Big Girls Don't Cry: Novel, A

Front Cover
HarperCollins, Apr 4, 1996 - Fiction - 375 pages
16 Reviews
In her eagerly-awaited second novelBig Girls Don't Cry, bestselling author Connie Briscoe (Sisters and Lovers) examines the issues faced by a young black woman determined to be successful both professionally and romantically. Growing up in a loving and supportive middle-class family in Washington, DC, in the '60s, Naomi Jefferson worries about what to wear, her bra size and meeting boys, and she has dreams of one day opening her own clothing store. While she knows racism is a problem (occasional brushes with the uglier side of people don't let her forget it), Naomi is, at heart, just like any other teenage girl.

All of that changes when Joshua, Naomi's older brother, is killed in an accident on his way to a civil rights demonstration in Chicago. Racism becomes a personal issue, and Naomi decides that she needs to help bring about changes in the system. At college in Atlanta, she becomes immersed in politics, organizing protests and butting heads with school administrations as well as with her boyfriend, who isn't too friendly to the cause. Disillusioned by authority figures and betrayed by the man she loves, Naomi returns home, confused about the world and her place in it.

Witty, sensitive, bittersweet and triumphant, Big Girls Don't Cry is a compelling portrait of a woman who refuses to compromise her standards -- cloudy as they may be at times -- in her quest for satisfaction. In Big Girls Don't Cry, Briscoe has created a heroine and a story to which any woman who has faced the frustrations of glass ceilings, the pain of loss and sacrifice and the perils and pleasures of love will immediately relate.

  

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Review: Big Girls Don't Cry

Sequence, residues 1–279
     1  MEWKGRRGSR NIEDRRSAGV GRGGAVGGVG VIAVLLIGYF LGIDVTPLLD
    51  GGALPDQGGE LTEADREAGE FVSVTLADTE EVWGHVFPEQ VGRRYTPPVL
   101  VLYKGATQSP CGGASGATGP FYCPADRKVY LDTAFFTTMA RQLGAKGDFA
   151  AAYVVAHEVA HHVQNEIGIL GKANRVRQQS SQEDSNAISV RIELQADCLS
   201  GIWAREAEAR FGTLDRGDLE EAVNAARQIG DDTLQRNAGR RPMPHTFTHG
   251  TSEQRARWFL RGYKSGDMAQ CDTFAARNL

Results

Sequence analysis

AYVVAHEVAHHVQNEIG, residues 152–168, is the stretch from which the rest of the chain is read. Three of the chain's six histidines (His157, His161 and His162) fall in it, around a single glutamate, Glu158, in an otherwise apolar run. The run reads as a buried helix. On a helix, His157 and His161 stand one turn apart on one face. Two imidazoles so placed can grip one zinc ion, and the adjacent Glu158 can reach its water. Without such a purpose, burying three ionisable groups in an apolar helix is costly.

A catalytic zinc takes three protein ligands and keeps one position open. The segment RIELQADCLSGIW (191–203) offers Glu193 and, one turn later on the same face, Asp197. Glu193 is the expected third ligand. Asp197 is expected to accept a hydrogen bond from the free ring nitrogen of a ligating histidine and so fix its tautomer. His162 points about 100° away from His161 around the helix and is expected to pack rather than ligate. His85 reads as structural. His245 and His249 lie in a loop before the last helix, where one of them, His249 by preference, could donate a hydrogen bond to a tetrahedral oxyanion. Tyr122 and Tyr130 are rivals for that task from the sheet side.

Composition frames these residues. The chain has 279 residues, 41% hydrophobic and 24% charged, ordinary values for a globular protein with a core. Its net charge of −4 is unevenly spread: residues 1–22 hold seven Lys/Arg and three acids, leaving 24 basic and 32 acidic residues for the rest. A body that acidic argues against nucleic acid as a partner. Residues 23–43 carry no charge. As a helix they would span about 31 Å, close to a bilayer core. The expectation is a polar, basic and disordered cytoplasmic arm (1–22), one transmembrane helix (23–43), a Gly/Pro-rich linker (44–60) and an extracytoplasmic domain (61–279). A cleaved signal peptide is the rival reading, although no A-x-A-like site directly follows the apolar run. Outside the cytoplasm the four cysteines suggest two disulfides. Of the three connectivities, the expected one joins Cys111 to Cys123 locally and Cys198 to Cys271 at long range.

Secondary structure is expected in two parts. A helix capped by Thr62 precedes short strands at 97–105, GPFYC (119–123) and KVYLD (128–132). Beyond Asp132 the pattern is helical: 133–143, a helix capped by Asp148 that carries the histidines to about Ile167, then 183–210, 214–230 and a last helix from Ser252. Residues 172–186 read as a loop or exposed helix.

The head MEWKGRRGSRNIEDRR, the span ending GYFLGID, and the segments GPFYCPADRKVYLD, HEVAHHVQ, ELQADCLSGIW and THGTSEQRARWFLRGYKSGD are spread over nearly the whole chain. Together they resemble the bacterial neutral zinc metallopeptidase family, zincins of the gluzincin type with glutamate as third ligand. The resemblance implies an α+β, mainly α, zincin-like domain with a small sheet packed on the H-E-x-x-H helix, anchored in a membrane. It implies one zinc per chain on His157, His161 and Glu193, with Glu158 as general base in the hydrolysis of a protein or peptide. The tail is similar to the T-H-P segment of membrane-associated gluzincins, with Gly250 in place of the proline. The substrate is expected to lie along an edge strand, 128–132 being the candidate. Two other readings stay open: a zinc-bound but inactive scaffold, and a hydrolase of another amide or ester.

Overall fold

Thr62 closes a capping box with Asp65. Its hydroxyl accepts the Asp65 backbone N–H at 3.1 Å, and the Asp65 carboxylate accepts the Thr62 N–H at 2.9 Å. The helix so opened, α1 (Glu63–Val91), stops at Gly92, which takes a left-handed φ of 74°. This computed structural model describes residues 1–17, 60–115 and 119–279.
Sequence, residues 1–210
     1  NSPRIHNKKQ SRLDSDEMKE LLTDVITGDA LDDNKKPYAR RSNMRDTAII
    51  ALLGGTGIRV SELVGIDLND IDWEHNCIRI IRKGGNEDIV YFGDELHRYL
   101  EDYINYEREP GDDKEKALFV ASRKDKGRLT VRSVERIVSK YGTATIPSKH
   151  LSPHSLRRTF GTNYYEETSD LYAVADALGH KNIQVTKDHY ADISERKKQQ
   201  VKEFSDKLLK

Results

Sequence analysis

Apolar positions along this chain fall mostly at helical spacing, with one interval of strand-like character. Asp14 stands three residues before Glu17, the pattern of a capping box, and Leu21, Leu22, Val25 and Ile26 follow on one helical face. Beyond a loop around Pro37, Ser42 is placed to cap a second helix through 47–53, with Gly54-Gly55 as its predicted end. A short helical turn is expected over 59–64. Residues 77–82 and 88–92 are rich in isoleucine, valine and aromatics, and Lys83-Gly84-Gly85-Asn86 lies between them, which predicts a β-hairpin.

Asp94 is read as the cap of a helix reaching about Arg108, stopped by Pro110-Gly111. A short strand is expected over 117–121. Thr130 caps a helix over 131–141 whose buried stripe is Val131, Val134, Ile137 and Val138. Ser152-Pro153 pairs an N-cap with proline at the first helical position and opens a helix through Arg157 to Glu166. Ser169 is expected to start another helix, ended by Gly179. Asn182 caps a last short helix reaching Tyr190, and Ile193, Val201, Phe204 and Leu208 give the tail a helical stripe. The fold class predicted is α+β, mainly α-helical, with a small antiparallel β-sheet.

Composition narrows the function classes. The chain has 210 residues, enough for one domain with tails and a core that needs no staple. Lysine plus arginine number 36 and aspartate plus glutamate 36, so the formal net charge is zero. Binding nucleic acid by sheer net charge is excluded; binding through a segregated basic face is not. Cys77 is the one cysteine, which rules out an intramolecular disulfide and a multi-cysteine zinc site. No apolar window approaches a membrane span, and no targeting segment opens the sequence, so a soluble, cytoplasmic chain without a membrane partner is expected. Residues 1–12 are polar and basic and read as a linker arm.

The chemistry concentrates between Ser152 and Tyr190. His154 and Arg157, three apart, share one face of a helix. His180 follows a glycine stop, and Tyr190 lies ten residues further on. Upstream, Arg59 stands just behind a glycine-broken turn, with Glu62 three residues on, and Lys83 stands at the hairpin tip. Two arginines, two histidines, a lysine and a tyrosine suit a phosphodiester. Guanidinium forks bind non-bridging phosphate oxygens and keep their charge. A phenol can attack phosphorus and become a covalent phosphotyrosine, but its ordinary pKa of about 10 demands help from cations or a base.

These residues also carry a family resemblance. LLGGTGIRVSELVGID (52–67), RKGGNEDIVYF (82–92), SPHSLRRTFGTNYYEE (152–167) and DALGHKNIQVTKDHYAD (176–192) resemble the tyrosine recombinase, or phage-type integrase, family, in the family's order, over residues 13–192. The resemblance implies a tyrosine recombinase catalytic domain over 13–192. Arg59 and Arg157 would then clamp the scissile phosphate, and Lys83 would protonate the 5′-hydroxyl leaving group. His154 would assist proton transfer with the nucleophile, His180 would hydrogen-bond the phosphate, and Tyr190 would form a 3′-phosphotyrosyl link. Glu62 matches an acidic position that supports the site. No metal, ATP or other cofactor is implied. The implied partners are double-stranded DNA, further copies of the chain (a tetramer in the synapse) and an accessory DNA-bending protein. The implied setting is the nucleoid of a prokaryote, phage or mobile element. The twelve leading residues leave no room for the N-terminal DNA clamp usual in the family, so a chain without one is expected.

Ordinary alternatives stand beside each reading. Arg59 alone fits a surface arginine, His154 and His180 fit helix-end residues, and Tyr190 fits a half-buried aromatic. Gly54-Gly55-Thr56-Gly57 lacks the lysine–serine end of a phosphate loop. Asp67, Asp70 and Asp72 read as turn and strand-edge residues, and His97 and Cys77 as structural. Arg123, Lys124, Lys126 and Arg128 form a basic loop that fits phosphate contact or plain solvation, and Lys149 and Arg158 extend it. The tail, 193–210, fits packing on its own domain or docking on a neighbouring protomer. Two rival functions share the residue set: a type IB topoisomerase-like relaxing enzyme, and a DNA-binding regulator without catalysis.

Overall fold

User Review  - Maya Reid - Goodreads

The ending was a little preachy, but I devoured this book. I liked and identified with the main character from the very beginning, and was amazed by her depth over the rocky course of her development ... Read full review

Review: Big Girls Don't Cry

User Review  - Jadon Davis - Goodreads

Good book. I come from a family of Big Girls. I figured the book could give me some insight on their strength. It didn't but was a good book anyway. I like reading about back in the day. Read full review

Contents

Section 1
3
Section 2
15
Section 3
32
Section 4
43
Section 5
51
Section 6
84
Section 7
98
Section 8
113
Section 17
229
Section 18
235
Section 19
248
Section 20
259
Section 21
269
Section 22
282
Section 23
290
Section 24
311

Section 9
142
Section 10
149
Section 11
161
Section 12
169
Section 13
180
Section 14
189
Section 15
200
Section 16
215
Section 25
328
Section 26
346
Section 27
361
Section 28
368
Section 29
373
Section 30
377
Copyright

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About the author (1996)

Connie Briscoe lives in Falls Church, Virginia. She is a descendant of the slaves on the Madison family plantation.

Bibliographic information